RS: One of the key components is storytelling. This is why country music is so popular, because a lot of country music tells stories, which is why it’s a popular genre. So hip hop, when you tell stories, it causes people to listen and dig deep into the song. And think about the type of shows that we watch on Netflix or Hulu, our minds are drawn to suspense. We’re drawn to climax. We’re drawn to twists and turns. Because we always want to know what the surprise is. We always want to know what’s behind that wall.
RRX: That ties into one of the songs you suggested I check out. “Wet Dreams” by J. Cole. I saw the title, and was like, is this going to be racy? But it was actually a very sweet, romantic story about first love. A great surprise.
RS: I see what you’re saying about my song “Soul Mate” and the song by J. Cole. These are key components that we like to talk about. Think about some of the greatest movies you’ve ever seen, they have action. They have storytelling. Plots, twists and turns that you don’t expect. And then of course, there’s always some love scenes in it. The guy gets the girl, or the girl gets the guy in the end. Those are key components.
RRX: Let’s show some love for the female side of rap. I’m so old “Push It” was a big hit at my middle school dance. Who should I listen to so I can update my playlist?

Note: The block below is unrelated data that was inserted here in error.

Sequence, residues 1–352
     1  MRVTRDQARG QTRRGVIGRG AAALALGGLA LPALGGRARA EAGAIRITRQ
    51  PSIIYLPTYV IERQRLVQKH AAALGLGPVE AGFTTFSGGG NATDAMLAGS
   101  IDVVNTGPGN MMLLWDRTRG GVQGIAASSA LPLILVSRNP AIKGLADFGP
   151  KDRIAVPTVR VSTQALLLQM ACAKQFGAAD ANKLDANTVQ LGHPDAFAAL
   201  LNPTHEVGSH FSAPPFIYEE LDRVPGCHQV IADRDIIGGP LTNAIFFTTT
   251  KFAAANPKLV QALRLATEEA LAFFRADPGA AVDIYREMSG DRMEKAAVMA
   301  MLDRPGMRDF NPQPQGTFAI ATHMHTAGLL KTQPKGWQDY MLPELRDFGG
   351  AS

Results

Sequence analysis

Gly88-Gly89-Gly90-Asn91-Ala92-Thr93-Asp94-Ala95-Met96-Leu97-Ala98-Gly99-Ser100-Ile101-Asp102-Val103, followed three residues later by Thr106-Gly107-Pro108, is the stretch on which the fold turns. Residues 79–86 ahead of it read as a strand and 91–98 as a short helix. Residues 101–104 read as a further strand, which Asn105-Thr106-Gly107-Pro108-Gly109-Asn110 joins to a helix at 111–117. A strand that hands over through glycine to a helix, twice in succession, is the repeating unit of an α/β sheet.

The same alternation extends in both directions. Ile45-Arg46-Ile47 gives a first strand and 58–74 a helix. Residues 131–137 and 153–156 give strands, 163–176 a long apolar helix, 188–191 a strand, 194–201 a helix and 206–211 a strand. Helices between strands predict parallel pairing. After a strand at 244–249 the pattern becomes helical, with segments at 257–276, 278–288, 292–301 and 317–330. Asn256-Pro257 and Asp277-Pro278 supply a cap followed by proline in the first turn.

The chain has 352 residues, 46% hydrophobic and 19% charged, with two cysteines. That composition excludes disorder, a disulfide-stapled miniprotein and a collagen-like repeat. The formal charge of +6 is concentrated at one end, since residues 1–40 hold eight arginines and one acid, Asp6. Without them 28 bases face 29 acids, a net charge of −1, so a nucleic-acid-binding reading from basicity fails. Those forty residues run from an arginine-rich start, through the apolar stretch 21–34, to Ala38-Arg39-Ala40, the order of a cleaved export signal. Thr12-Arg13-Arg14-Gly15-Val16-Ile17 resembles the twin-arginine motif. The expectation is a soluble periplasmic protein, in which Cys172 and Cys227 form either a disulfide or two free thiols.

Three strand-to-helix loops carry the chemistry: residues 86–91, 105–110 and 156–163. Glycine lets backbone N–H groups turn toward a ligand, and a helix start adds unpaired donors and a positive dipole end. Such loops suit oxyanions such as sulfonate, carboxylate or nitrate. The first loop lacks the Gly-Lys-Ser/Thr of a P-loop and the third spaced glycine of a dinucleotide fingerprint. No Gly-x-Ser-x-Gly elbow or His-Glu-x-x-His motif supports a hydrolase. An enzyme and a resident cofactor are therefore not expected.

RS: Yeah, that’s definitely old school. LOL. Check out Young M.A. Cardi B, and Snow Tha Project.
RRX: Wow – those were all uniquely awesome. I’m glad to see the women are out there representing strong! I especially dig the raw honesty of Young M.A. and the friendly vibes of the Snow Tha Product track. One of the things I love about rap is the honesty involved in the lyrics.
Okay – I’m obsessed with rapping fast. I don’t know why, but I really love to (I feel kind of silly saying so) spit those lyrics! I know there is hope for me! The song “Lucky You” from Joyner and Eminem was like – woah! That’s some serious work. What suggestions do you have for me to learn how to get my motor skills up to speed?
RS: Yes – it’s the skills! It really comes over time. The more you write and the more you rap to a beat, you’ll learn how to find different syllables. The thing to worry about is getting the basics down first. The delivery, the timing of the words, how to write a beat. Work on the basics, and then rapping fast and using different methods of rapping, that’s something that will come naturally over time.
But it’s real dope once you get good at it. Just keep at it.
RRX: Thank you so much for catching up with me. You’re really fun to talk with and I learned so much! I definitely hope people check out your music – it has all of the elements we talked about! You can find Reggy Steel on Distrokid, YouTube or your favorite streaming and social media sites!
I can’t wait to see you around and check out what is next! Thanks for keeping it real and reminding me about how storytelling sets a foundation for a compelling song, no matter the genre. I think your music is very engaging, and I hope to hear more!